Only 10% of the children with disabilities living in the countries where we work are getting the support they need.
Takoma Park, Maryland (PRWEB) May 30, 2013
Handicap International welcomes the publication today of UNICEF’s The State of the World’s Children report, which highlights children with disabilities and the extreme difficulties they face. Handicap International witnesses the exclusion of children with disabilities every day in the 61 countries in which it operates. The organization supports UNICEF’s recommendations.
Nearly half of Handicap International’s direct beneficiaries are under the age of 18. The organization supports children with disabilities by providing rehabilitation care, promoting inclusive education and psychological assistance, and preventing the many causes of disability, including those caused by explosive remnants of war.
According to UNICEF, 93 million children under the age of 14 have a disability. Due to gaps in the data, this estimate is likely to be lower than the actual number. The reports describes many of the injustices suffered by children with disabilities: In addition to being stigmatized and excluded from health and education services, children with disabilities are three to four times more likely to be victims of violence and are also often neglected or abandoned by their families.
“Out of all the vulnerable people we encounter, they are often the most fragile,” says Ludovic Bourbé, Handicap International’s director of technical services. “In Afghanistan, for example, 68% of victims of mines and explosive remnants of war are children. One quarter of injured people case-managed by Handicap International in northern Syria are under the age of 12.”
The UNICEF report offers a number of recommendations for improving conditions for children with disabilities, starting with the ratification and implementation of the United Nations Convention on the Rights of Persons with Disabilities (CRPD). One hundred and fifty-five countries—not including the U.S.— have signed the CRPD but the full implementation of its protocol requires rigorous enforcement and monitoring. Other key recommendations include adding accessibility features to public facilities like schools and hospitals, and providing support services to families with children with disabilities.
Yet, the current funding allocated to support the recommendations listed in the report is insufficient. According to a February 2012 study conducted by Handicap International and HelpAge, less than 0.5% of international humanitarian aid is allocated to people with disabilities.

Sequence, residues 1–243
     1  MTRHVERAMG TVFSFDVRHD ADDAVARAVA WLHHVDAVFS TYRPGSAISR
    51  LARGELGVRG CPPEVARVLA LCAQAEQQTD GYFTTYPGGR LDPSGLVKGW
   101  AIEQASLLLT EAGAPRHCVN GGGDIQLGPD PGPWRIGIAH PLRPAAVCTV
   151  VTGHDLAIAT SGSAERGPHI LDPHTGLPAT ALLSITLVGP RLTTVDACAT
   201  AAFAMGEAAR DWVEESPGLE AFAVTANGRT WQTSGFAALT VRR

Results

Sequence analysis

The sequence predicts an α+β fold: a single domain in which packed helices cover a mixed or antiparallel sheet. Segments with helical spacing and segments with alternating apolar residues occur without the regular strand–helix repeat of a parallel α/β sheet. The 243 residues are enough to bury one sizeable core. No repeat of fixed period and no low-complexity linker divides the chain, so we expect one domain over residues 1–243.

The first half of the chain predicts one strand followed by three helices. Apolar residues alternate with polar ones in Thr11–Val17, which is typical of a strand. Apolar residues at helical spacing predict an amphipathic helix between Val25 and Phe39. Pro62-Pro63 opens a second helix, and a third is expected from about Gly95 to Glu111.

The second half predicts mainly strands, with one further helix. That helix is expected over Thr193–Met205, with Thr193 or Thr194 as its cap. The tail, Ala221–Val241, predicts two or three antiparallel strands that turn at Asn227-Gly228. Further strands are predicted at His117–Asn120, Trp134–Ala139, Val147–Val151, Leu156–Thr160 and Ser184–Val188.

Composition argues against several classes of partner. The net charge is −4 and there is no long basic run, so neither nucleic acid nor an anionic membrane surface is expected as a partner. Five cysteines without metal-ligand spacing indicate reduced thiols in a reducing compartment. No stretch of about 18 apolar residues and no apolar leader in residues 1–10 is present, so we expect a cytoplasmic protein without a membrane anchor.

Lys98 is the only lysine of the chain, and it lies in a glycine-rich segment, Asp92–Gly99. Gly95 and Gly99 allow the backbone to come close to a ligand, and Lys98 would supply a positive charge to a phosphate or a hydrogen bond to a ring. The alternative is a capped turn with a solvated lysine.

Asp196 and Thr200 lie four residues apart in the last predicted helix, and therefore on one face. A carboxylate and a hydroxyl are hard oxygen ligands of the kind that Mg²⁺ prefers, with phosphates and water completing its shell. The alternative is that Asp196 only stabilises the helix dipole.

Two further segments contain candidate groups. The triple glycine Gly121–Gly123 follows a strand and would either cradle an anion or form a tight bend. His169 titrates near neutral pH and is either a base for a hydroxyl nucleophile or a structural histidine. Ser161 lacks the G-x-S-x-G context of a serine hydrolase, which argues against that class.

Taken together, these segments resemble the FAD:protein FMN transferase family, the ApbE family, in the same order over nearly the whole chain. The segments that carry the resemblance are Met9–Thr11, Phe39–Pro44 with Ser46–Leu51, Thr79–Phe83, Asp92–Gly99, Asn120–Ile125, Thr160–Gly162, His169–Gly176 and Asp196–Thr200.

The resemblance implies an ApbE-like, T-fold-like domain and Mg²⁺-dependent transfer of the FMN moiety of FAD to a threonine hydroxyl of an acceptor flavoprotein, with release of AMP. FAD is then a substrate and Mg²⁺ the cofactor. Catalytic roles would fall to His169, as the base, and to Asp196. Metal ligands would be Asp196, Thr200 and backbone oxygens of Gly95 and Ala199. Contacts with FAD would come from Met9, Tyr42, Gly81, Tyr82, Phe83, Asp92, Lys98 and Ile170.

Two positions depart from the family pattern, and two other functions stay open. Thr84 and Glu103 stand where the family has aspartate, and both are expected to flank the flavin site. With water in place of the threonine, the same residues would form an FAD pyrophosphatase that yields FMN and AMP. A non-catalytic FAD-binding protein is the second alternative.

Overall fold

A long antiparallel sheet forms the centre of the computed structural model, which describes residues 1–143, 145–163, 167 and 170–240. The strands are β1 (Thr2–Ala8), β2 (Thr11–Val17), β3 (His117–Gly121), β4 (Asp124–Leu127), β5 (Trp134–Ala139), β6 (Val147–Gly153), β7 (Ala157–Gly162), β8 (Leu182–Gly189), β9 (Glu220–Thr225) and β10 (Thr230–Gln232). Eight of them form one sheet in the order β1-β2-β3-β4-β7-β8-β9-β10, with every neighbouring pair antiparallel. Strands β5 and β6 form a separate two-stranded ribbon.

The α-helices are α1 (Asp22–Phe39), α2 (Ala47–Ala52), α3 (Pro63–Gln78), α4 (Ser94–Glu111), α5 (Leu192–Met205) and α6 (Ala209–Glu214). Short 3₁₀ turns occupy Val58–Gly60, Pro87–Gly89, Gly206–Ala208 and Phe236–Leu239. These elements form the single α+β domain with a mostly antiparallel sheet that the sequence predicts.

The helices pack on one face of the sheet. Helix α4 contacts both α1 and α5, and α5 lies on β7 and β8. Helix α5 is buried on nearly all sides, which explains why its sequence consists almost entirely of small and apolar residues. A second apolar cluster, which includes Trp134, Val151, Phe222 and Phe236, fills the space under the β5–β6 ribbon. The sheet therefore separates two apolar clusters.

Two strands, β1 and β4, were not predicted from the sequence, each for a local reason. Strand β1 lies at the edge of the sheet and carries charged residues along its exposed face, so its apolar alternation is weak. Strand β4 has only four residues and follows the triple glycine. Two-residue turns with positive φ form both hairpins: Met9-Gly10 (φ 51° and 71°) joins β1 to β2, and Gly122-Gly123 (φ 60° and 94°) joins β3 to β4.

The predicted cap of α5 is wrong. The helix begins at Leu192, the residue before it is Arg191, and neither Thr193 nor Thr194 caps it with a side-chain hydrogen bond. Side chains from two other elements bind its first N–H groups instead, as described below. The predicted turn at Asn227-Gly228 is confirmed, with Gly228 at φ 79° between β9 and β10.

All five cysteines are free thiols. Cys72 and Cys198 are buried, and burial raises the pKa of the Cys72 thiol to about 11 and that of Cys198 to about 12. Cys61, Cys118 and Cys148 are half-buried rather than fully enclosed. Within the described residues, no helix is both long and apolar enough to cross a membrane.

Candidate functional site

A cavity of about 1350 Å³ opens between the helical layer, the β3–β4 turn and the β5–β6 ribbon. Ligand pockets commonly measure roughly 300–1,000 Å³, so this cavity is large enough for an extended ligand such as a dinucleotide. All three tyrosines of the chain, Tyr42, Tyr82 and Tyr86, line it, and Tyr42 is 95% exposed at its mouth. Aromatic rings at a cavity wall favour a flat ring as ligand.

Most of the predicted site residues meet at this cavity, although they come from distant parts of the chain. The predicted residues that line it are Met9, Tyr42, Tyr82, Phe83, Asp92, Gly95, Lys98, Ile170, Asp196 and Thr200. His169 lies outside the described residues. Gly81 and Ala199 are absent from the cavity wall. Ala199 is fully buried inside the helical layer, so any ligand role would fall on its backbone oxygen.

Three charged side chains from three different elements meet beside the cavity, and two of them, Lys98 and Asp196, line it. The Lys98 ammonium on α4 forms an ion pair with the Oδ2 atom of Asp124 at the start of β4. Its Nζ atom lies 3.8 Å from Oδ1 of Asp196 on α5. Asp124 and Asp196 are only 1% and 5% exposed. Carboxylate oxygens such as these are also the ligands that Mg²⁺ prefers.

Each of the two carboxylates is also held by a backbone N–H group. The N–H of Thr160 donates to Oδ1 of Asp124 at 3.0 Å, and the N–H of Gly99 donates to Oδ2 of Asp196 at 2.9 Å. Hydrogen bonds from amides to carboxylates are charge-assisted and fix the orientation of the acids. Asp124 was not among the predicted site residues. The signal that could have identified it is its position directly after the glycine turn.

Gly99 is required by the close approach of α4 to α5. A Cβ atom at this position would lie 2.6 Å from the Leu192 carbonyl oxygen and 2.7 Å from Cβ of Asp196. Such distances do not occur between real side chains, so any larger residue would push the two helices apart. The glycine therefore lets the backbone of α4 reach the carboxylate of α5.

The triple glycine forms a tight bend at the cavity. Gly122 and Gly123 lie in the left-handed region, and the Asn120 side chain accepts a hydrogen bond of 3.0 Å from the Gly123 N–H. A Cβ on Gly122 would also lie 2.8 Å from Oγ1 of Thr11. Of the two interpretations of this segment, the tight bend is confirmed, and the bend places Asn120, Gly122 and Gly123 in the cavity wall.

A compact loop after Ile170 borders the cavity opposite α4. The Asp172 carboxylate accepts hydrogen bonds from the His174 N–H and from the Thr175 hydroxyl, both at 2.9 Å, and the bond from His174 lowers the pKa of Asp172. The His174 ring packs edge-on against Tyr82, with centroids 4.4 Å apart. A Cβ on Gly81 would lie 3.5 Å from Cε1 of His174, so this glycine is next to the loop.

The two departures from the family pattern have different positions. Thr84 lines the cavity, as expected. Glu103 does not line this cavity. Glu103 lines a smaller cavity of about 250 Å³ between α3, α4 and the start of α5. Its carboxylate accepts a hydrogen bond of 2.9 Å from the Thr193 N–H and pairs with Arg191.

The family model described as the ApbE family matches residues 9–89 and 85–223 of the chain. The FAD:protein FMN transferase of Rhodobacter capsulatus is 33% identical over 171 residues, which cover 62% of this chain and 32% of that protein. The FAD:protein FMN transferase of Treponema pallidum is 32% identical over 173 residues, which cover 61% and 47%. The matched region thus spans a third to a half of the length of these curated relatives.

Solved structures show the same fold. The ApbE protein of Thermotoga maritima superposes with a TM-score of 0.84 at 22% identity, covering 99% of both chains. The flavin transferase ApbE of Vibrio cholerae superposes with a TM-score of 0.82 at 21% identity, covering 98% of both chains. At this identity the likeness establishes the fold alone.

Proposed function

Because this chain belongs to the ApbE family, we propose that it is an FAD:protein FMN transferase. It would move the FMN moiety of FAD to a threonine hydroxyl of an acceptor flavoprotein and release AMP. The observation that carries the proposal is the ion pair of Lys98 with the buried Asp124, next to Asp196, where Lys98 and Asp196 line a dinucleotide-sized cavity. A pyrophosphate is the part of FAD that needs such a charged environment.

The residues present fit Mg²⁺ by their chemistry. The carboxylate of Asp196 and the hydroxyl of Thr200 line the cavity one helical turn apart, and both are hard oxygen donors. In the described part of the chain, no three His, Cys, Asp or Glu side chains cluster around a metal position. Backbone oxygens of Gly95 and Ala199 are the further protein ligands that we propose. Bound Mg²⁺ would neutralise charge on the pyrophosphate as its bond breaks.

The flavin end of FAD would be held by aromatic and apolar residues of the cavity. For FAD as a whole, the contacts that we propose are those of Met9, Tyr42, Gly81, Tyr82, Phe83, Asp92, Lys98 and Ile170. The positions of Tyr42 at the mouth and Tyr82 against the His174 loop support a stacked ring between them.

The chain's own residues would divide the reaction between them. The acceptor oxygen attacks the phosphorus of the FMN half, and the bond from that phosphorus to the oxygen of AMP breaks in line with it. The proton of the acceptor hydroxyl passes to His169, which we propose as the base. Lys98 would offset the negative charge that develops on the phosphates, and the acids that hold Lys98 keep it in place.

“This report clearly lays out the precarious situation of children with disabilities in the developing world,” says Elizabeth MacNairn, executive director of Handicap International U.S. “However, only 10% of the children with disabilities living in the countries where we work are getting the support they need. This cannot stand. Humanitarian operators and funders must do more to improve the situation of these children, who are the most vulnerable members of society.”
About Handicap International
Co-winner of the 1997 Nobel Peace Prize, Handicap International is an independent international aid organization. It has been working in situations of poverty and exclusion, conflict and disaster for 30 years. Working alongside persons with disabilities and other vulnerable groups, our actions and testimony focus on responding to their essential needs, improving their living conditions, and promoting respect for their dignity and basic rights. Since 1982, Handicap International has set up development programs in more than 60 countries and intervenes in numerous emergency situations. The network of eight national associations (Belgium, Canada, France, Germany, Luxembourg, Switzerland, the United Kingdom and the United States) works constantly to mobilize resources, jointly manage projects and to increase the impact of the organization's principles and actions. Handicap International is one of six founding organizations of the International Campaign to Ban Landmines, and winner of the 2011 Hilton Humanitarian Prize. Handicap International takes action and campaigns in places where “standing tall” is no easy task.
Photo copyright Brice Blondel/Handicap International